If only all of us could see the world the way Paddington sees London. The furry little bear in a raincoat looks around his adopted home and finds, in the smiling faces of his neighbors, nothing but joyful spirits and good intentions. There are no "no-go zones"; even a prison full of roughnecks can be a chance to help people in need. Forget the fact that he's a talking bear from Darkest Peru. It's Paddington's impenetrable spirit, his striving to do right by the world, to "always see the good in people," even those who wish him harm, that is the biggest wish-fulfillment of 2018.

In 2017, Lena Waithe made history as the first black woman to win an Emmy for outstanding comedy writing. The award specifically recognized Master of None's "Thanksgiving" episode, which Waithe co-wrote with Aziz Ansari and based on her experience coming out to her mother.

There's no kind of anguished desperation that feels quite like the desire to communicate with loved ones who we've lost. It can turn even the most rational person into a believer in the supernatural — to the bereaved, even if there's just a small chance of connecting with a dead friend or family member, isn't it worth the three dollars for the first minute and 99 cents for each additional minute?

Nearly two weeks after Logan Paul posted a YouTube video depicting an apparent suicide victim — and just over a week after he removed it and apologized — the online video platform has announced it is scaling back its relationship with the vlogging star.

Some artists in New York may be wishing to get older faster. A gallery there caters to artists age 60 and older. No kids allowed.

Some 200 artists have exhibited at the Carter Burden Gallery since it opened nine years ago in Chelsea. Business is good, and works sell from $200 to $9,000. It's a lot like hundreds of other galleries in New York — except for one important thing: The Carter Burden has an age limit. Why?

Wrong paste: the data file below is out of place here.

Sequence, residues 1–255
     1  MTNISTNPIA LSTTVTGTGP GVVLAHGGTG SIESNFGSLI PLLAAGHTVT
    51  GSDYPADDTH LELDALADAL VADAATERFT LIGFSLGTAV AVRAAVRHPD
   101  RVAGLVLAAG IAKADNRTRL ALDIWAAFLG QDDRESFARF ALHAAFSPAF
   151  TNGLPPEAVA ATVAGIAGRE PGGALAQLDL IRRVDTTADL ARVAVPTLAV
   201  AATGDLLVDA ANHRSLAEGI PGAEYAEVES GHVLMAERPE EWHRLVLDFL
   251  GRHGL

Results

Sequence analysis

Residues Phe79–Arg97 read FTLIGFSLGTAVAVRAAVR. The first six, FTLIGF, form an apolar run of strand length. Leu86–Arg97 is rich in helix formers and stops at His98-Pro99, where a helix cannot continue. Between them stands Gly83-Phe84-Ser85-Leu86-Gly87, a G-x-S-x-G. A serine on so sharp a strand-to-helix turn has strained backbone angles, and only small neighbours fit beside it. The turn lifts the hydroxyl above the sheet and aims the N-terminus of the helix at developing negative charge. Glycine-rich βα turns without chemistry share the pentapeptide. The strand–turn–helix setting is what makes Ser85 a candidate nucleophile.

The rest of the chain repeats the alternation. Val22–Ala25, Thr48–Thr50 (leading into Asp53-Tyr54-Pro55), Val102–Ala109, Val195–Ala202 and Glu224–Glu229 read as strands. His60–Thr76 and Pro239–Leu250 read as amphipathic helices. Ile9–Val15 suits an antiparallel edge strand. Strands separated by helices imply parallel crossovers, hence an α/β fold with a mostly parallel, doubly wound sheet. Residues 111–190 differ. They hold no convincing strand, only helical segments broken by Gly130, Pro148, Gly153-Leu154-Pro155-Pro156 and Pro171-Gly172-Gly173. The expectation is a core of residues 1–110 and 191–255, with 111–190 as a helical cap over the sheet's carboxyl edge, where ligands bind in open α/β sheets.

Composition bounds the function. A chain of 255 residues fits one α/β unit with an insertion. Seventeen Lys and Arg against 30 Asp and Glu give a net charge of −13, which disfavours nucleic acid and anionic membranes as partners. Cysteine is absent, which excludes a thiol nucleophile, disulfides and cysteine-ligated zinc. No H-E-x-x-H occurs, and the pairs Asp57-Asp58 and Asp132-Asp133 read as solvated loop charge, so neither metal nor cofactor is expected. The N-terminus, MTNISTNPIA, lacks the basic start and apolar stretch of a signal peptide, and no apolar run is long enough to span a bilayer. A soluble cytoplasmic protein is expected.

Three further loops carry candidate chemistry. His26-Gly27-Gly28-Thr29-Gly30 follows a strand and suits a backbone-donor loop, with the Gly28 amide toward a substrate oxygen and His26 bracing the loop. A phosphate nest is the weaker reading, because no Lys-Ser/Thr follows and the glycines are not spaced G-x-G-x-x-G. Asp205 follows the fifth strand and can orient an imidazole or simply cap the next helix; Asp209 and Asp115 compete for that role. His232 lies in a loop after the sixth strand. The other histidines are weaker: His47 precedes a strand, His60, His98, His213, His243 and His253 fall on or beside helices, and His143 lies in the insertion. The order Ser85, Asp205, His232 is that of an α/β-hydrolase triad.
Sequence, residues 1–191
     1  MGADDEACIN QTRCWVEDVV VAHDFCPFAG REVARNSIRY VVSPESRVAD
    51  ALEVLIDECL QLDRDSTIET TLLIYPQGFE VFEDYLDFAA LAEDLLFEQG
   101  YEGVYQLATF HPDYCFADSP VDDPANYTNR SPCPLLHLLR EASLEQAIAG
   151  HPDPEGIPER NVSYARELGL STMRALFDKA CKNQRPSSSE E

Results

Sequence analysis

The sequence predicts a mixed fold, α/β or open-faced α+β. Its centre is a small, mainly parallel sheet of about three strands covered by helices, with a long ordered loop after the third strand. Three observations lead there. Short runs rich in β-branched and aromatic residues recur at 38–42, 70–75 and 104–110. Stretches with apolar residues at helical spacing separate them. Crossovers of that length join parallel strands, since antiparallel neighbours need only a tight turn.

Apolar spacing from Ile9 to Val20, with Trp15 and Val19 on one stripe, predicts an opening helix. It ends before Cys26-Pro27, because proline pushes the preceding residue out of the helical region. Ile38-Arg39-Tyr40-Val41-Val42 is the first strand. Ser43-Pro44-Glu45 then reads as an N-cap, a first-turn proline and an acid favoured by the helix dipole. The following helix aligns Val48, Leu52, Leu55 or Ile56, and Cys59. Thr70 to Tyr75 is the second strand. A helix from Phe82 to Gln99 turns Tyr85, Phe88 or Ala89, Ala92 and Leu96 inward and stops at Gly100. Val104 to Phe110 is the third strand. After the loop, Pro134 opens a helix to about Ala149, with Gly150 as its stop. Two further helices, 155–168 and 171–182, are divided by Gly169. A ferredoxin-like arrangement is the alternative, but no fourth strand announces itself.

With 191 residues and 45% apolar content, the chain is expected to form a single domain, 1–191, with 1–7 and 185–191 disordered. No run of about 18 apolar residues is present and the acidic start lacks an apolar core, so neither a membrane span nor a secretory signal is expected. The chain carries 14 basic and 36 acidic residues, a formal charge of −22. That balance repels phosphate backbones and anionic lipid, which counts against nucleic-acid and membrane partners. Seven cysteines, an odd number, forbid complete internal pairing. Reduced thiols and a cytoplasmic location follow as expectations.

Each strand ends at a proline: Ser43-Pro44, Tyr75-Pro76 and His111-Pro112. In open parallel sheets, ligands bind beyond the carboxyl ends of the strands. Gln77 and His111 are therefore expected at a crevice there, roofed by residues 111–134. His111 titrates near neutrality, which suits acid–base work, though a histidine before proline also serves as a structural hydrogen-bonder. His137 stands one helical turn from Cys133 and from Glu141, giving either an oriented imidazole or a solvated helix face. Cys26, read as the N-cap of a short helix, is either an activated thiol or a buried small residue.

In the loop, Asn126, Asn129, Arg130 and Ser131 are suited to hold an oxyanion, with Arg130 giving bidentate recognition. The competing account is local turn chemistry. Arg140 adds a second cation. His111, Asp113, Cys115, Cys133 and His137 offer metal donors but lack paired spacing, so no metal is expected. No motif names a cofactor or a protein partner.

Historian and author Randall Hansen is a lucky man: The title of one of his books is almost exactly the same as another that recently became very, very well-known.

Hansen's book is Fire And Fury: The Allied Bombing Of Germany 1942-1945. The beginning of that title "Fire and Fury" is the same as that of journalist and author Michael Wolff's new exposé about the Trump administration, Fire And Fury: Inside The Trump White House.

Copyright 2018 Fresh Air. To see more, visit Fresh Air.

TERRY GROSS, HOST:

This is FRESH AIR. I'm Terry Gross.

(SOUNDBITE OF FILM, "COCO")

RENEE VICTOR: (As Abuelita) No music.

UNIDENTIFIED ACTORS: (As characters, singing in Spanish).

Ali Smith is flat-out brilliant, and she's on fire these days. Writing in the heat of outrage following England's divisive Brexit vote, she opened a seasonal quartet of novels last year with Autumn, a moving requiem for an unusual friendship between two unlikely kindred spirits, a young art historian and her singularly cultivated old neighbor, whose waning days coincide with an alarming erosion of civility and compassion in the not-so-United Kingdom. Deservedly, Autumn landed on the Booker Prize shortlist.

Lea Berman and Jeremy Bernard have organized state dinners and congressional picnics, each serving as White House social secretary for different administrations. Bernard worked for President Obama; Berman for President George W. Bush. And they've collaborated on a new book that uses their White House experiences to draw out lessons in how to handle crises, defuse awkward moments and manage expectations. It's called Treating People Well: The Extraordinary Power Of Civility At Work And In Life.